Then remove it, and use a small round file to shape the hole in the gasket to not intrude into the port hole.
Many times the bolt holes have a lot of slop, and this allows the gasket to move its position when you install it. Sometimes all it takes is to use your finger to hold the manifold gasket in the correct position when you bolt the manifold on, so it doesn't slide on its slop enough to interfere with the port hole entry. Other times it needs a little filing to match it to the hole.

In either case, making sure tha manifold gasket isn't acting as a restrictor plate is always beneficial.
Smoothing the manifold internally wouldn't hurt anything either.
« Last Edit: December 10, 2008, 06:24:53 PM by ace.cafe »
Home of the ACE Fireball 535 Bullet,  Ace GP Hi-Lift Roller Rocker Head . Pistons, cams, etc. Highest performance Bullet engine mods available .  AVL mods. Redditch 700/750 Twin mods. UCE kit soon.

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Rick Sperko

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Re: Tech Talk: Should I, or Shouldn't I "Port" my Bullet's Cylinder Head?
« Reply #7 on: December 10, 2008, 06:34:36 PM »
I meant that I noticed the roughness in my inlet port. I like the suggestion about cleaning up the gasket too. I was trying to come up with a way to smooth the inlet port without taking the engine apart. It is a black box to me right now. But then many other things were too.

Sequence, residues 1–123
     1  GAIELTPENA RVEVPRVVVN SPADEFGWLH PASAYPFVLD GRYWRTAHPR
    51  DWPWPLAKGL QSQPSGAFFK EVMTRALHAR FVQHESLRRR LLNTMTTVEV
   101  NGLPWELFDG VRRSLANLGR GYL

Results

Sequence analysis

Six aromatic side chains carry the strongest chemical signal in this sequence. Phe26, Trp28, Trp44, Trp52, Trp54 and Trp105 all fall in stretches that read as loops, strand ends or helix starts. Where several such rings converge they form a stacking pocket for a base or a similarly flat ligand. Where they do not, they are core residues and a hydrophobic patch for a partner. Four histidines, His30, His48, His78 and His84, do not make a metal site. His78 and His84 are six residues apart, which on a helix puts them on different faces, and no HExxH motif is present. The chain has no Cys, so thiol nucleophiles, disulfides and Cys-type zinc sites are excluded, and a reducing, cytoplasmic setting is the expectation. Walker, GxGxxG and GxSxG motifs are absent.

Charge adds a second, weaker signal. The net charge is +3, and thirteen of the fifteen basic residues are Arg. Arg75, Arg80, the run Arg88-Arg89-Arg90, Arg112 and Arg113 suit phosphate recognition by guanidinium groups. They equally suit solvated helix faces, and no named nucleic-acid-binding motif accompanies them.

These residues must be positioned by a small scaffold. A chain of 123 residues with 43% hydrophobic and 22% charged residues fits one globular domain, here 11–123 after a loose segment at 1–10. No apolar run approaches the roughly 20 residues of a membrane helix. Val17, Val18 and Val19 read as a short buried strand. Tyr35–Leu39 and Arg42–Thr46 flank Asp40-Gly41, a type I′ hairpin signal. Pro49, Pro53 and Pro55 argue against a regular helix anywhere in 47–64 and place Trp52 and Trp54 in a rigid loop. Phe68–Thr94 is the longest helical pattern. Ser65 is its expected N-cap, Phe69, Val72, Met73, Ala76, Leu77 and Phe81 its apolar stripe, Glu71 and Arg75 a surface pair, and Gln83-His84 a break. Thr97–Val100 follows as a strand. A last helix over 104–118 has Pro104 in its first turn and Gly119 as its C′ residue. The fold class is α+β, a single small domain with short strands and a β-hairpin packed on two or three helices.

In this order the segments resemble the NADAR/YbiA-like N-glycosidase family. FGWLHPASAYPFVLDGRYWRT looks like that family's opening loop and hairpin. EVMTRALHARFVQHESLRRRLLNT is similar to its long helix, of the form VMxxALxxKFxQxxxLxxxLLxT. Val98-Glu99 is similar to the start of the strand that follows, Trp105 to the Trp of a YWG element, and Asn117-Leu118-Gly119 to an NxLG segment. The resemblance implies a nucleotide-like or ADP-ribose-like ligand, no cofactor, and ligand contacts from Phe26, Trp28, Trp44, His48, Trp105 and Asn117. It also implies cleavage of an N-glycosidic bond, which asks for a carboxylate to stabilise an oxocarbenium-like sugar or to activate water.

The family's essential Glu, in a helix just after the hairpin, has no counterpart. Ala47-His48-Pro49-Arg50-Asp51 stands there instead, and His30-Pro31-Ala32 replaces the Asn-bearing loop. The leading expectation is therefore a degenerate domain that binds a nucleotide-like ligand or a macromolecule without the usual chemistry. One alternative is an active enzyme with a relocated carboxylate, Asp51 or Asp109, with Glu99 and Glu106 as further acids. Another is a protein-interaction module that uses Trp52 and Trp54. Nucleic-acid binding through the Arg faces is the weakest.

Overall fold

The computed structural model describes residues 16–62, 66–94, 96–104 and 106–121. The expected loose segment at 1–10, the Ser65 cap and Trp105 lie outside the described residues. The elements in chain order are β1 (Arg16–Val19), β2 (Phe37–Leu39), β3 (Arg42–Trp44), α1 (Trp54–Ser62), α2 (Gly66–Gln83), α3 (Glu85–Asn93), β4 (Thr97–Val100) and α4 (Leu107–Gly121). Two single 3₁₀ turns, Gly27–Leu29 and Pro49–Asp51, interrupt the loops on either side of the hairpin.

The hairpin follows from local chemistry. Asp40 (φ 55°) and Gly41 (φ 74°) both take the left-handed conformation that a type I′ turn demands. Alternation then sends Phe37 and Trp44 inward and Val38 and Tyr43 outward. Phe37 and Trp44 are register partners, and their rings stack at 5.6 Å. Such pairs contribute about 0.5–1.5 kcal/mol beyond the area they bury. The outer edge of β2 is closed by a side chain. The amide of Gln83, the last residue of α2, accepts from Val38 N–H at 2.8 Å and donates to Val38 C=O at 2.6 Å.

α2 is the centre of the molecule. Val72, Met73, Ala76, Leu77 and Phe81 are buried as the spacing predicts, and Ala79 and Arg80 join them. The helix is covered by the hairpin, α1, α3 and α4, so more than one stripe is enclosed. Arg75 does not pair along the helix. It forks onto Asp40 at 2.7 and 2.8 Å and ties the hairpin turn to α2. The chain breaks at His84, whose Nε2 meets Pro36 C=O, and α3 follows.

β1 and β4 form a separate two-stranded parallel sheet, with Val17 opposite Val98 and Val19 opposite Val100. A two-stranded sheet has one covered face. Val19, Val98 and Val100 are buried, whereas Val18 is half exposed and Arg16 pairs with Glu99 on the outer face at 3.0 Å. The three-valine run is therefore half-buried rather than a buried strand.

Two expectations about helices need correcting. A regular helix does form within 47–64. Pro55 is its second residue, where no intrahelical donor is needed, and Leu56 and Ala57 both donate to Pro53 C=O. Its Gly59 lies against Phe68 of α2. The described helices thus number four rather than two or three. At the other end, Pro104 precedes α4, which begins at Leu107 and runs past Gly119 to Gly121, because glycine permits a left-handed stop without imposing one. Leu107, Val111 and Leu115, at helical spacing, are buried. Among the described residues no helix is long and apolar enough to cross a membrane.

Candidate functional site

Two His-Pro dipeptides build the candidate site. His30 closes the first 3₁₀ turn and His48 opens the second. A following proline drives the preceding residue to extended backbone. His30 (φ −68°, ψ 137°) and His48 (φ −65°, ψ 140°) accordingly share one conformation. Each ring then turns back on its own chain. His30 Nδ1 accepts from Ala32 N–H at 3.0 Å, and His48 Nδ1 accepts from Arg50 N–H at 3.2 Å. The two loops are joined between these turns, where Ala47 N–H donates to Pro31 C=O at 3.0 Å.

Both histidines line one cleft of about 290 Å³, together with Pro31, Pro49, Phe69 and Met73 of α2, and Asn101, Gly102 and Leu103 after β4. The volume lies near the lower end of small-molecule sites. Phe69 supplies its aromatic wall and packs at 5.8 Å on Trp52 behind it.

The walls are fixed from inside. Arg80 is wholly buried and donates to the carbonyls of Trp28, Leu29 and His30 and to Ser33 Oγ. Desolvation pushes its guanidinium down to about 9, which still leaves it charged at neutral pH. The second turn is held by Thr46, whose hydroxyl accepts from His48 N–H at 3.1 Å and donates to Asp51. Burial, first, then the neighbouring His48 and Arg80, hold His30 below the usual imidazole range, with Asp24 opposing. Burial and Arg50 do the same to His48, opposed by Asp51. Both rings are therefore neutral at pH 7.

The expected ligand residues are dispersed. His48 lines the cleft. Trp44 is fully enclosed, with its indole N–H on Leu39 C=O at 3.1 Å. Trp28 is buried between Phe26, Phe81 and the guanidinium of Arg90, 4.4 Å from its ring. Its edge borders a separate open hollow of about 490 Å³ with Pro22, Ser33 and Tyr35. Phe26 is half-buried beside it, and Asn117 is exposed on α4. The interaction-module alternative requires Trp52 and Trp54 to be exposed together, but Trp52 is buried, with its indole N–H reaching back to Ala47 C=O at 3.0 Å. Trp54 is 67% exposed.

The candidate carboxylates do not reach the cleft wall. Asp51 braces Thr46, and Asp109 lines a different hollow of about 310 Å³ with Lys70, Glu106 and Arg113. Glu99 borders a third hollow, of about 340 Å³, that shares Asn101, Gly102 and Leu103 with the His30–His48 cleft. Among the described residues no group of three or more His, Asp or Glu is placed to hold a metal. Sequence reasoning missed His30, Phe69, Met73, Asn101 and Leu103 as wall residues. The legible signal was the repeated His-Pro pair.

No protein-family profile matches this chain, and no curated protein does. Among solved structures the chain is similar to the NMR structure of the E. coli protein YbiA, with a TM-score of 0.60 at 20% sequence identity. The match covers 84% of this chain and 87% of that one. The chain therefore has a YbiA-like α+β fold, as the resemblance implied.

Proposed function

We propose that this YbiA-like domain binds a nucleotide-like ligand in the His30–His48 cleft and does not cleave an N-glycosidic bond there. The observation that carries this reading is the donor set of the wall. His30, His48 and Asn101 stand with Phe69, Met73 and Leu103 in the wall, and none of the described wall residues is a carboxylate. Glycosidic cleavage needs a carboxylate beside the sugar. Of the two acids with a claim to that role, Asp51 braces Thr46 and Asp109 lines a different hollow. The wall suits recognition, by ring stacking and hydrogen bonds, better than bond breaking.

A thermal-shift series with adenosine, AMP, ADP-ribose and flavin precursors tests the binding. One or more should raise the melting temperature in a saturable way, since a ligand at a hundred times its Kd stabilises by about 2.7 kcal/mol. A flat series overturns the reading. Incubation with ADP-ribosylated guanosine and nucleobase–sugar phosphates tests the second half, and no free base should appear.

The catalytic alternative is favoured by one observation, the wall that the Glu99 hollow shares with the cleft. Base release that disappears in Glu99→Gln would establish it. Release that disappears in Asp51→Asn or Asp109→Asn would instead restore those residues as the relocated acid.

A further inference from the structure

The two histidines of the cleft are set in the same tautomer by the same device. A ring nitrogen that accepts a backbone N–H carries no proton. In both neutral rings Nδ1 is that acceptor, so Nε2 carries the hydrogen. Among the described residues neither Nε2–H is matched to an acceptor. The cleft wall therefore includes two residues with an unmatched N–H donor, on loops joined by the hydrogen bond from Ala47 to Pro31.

Thank you for your technical input ace. I enjoy reading your posts.

-Rick
Rick in Milwaukee, WI

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ace.cafe

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Re: Tech Talk: Should I, or Shouldn't I "Port" my Bullet's Cylinder Head?
« Reply #8 on: December 10, 2008, 06:48:52 PM »
I meant that I noticed the roughness in my inlet port. I like the suggestion about cleaning up the gasket too. I was trying to come up with a way to smooth the inlet port without taking the engine apart. It is a black box to me right now. But then many other things were too.

Thank you for your technical input ace. I enjoy reading your posts.

-Rick

Glad to help, Rick.
Ya gotta take the head off and the valves out, to do port work.